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Microsoft: Everyone can make XBox One Games – via XBox One

The next generation of console gaming may have finally found its niche – as the generation that blurs the line between video game players and video game creators. That's according to a new announcement by Microsoft, which confirms – like Sony with the PS4 – that XBox One owners can use the next-gen console as their very own development kit.

Xbox's corporate vice president Marc Whitten said that all Xbox Ones will function as development kits, which are usually only available to licensed developers. This will give everyone who owns an XBox One the tools to build their own XB1 games as part of the very system they're playing them on – a trend Ouya started with its independently-focused Android-based console; and subsequently adopted by Sony for the Playstation 4. To add to the appeal, reports spreading on the internet claim Microsoft will allow indie developers to self-publish on the Xbox One, though Microsoft are yet to comment on this part of the equation.

UPDATE: However, the functionality WON'T be available immediately at the console's launch; it will be installed on all consoles at a later date.

Here's Microsoft's official comment:

Our vision is that every person can be a creator. That every Xbox One can be used for development. That every game and experience can take advantage of all of the features of Xbox One and Xbox LIVE. This means self-publishing. This means Kinect, the cloud, achievements. This means great discoverability on Xbox LIVE. We'll have more details on the program and the timeline at gamescom in August.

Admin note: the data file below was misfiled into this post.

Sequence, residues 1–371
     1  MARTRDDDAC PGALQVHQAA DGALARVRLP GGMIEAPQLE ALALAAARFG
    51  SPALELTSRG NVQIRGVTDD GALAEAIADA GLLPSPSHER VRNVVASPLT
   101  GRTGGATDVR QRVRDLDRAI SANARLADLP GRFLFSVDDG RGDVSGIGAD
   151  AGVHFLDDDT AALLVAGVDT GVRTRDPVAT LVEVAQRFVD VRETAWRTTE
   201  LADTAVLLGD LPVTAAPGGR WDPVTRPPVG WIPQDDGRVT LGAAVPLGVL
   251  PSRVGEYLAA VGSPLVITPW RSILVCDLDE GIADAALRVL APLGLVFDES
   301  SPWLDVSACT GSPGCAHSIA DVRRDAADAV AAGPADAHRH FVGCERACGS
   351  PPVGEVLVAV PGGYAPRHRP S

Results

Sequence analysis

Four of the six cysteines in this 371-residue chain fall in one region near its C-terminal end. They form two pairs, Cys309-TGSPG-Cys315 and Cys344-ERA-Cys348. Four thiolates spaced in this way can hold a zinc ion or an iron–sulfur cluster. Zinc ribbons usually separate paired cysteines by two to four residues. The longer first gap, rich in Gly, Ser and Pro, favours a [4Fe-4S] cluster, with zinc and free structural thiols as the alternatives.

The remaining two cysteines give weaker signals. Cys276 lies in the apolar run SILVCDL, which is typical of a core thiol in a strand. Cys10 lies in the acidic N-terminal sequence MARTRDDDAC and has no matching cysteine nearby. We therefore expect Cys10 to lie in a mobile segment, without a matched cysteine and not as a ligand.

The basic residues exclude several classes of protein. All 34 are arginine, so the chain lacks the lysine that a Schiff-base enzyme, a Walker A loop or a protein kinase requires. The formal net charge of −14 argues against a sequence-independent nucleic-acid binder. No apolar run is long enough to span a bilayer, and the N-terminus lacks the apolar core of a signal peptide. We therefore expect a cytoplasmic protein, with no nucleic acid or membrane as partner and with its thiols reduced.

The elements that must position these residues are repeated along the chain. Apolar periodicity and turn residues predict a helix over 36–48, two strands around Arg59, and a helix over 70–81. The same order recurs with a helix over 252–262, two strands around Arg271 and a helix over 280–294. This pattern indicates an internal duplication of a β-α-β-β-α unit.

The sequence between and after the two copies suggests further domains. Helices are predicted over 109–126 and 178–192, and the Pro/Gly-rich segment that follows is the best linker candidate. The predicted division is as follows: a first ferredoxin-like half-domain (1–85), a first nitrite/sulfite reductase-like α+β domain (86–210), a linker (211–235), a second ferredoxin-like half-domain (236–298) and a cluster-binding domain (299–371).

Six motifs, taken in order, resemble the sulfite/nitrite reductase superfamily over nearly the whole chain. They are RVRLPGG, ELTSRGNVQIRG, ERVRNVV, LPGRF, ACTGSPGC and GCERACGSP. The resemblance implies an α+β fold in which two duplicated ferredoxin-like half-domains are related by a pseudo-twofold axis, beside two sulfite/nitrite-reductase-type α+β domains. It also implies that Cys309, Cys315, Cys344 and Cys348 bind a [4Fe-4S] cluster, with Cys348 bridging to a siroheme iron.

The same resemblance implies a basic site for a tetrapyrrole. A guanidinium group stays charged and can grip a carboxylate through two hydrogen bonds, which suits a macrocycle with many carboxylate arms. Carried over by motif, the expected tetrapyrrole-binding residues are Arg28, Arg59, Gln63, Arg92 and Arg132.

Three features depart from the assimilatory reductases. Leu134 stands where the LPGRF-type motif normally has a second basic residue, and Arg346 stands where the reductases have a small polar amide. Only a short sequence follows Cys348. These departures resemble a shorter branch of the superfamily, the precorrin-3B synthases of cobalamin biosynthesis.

Let me be the first to claim this day, Global Gamedev Independence Day 🙂


Mark Whitten added in late-breaking news today that independently-published games will have just as much potential for exposure as professionally-published games, with Microsoft having no intention to separate the two from the future XBox Live Marketplace:

"My goal is for it to just show up in the marketplace. Of course there will be different pivots inside of that. There will be everything from what are we curating, kind of like spotlight content, to the normal discoverability stuff like recommendations, what's trending, what's got a lot of engagement on the platform. And you'd be able to find that content in any of those. There wouldn't be any difference based on what type of game it was. Then of course there will be other type of pivots where you can go and look at whether its a genre of game or any other. But you shouldn't think of it as there's an indie area and a non-indie area.

Just as today, where we will highlight things that are coming in on the service, we want to make that more discoverable. We'll make it things that we curate as well as the other ways that you find content whether that's what your friends are doing or what we recommend based on your play behaviour. Or top listings. We want to make sure we have all of those types of discoverability mechanisms."

Microsoft are yet to comment on whether indie developers will experience any cost to their own pockets to acquire devkits or publish their games. But you WILL have full rights to charge for the games if you prefer; and pricing is aimed to be similar to today's Xbox 360 Marketplace.

With little else revealed, Whitten says we'll have to wait to Gamescon to know the rest of the details. Stay tuned!